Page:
The rationale for this choice attends both to theatrical contingencies and to a description of the grotto in the previous scene when a messenger reports that the Spaniards ‘securely lye’ about ‘cool Grottoes’ shaded by ‘Bowers’.[5] This solution presupposes that the prison relieve has no associated scenery, it is simply a gloomy recess whose character is determined by its partnering wings, properties and of course stage action: cave wings and chains in the prison scenes, and tree wings, fountain, singing and dancing in the grotto scene. The fountain, might have been a working prop using real water – the song draws attention to its ‘Murmuring sound’ – but if not the illusion could be created.6[6] Whether working or not this large property would be best flown in or rise and descend via a trapdoor mechanism. For reasons that will become clear later I am opting for the latter. The tableau containing the fountain and the actors must be prepared behind some covering scene. I have already suggested that the production would need a shutter setting of a Royal chamber and, in the LIF model at least, this discovery would seem to confirm its use in the second scene.

Now follows what appears to be the most problematic of any stage direction in either ‘Indian’ play. Directly following the grotto discovery is another that opens the fourth scene: ‘A Prison./ Cortez discovered, bound by one Foot, Almeria talking with him.’[7] This apparent successive discovery would indeed be insoluble had we not explored the act’s scenic structure sequentially and in detail in relation to the LIF model. By using the prison relieve for the grotto setting the prison in scene four is essentially already on stage and may be discovered by one of two means. If we suppose that the production budget ran to a separate prison shutter to be used momentarily for covering purposes then this is another ideal opportunity for its use. Alternatively, we could propose something radically different to anything so far encountered and suggest that the fountain itself acts as a screen that has concealed Cortez and Almeria all the way through the third scene. At the end of the grotto scene the stage is cleared (following the stage direction ‘Exeunt Omnes’), the wings change to the cave setting and the fountain descends via a trapdoor, discovering Cortez, Almeria and the prison setting as it does so.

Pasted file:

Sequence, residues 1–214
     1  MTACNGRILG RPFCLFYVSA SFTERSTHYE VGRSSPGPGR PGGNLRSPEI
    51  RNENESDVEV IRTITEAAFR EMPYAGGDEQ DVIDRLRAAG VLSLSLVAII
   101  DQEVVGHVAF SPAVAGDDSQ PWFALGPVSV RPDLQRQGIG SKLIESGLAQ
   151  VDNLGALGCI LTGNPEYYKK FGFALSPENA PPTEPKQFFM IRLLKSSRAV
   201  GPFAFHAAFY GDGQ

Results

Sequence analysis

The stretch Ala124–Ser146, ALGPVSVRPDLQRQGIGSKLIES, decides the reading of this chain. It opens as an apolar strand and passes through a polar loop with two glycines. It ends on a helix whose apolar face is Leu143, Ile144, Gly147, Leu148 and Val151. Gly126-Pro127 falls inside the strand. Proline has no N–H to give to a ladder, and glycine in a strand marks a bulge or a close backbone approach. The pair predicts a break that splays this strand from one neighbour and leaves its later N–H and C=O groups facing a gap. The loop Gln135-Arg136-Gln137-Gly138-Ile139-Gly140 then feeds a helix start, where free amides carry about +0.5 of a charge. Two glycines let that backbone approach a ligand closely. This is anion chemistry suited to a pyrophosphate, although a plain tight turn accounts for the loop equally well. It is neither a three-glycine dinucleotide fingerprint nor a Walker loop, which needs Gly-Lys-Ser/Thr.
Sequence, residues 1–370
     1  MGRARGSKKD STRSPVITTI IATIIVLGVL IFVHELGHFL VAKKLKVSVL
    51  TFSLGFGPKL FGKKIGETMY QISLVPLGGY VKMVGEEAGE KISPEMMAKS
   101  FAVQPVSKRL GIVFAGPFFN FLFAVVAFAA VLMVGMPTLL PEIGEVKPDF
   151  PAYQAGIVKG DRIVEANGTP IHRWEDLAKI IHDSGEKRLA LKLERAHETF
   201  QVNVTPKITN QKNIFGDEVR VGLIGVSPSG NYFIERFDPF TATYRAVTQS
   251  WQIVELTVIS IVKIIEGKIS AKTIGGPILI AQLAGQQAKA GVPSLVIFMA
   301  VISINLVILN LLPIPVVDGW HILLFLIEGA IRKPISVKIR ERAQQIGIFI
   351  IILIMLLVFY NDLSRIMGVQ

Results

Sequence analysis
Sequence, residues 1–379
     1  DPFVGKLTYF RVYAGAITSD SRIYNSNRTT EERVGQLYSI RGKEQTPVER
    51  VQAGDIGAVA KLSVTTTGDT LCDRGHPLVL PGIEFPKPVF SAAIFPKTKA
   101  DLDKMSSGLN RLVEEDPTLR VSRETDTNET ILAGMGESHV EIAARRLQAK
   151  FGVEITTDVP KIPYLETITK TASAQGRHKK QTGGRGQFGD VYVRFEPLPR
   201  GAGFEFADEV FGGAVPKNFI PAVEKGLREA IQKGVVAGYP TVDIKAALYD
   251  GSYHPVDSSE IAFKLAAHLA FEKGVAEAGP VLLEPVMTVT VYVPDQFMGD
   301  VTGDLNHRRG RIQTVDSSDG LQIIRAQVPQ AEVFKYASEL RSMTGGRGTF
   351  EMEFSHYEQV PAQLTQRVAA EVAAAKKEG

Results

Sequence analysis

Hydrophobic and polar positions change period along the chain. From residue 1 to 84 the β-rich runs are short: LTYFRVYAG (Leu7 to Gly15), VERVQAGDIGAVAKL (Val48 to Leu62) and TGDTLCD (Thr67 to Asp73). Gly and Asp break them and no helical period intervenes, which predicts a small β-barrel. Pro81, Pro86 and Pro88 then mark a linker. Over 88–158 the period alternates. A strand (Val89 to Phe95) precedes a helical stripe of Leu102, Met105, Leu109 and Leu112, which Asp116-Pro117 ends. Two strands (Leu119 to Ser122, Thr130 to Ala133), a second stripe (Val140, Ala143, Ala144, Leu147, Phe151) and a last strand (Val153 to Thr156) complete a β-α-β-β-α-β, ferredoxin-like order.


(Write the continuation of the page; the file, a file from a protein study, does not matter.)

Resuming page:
This solution, together with the related options noted above – the Mexican Street remaining on stage at the start of the act and chamber shutters closing over Cortez – has a cost advantage and is highly efficient with theatrical resources, but it is nowhere hinted at in the text. The use of what we might call a cover shutter, however, has been hinted at on two occasions – the start of Act 4.1 with its delayed discovery and at the end of the same scene when the backshutters close over Cortez. In addition such a scenic cover would provide an excellent means of effecting the successive discoveries of the grotto and the prison, as I have noted. This is the solution recorded in the scenery plot, but the simpler alternative may also be viewed on this site (to be added).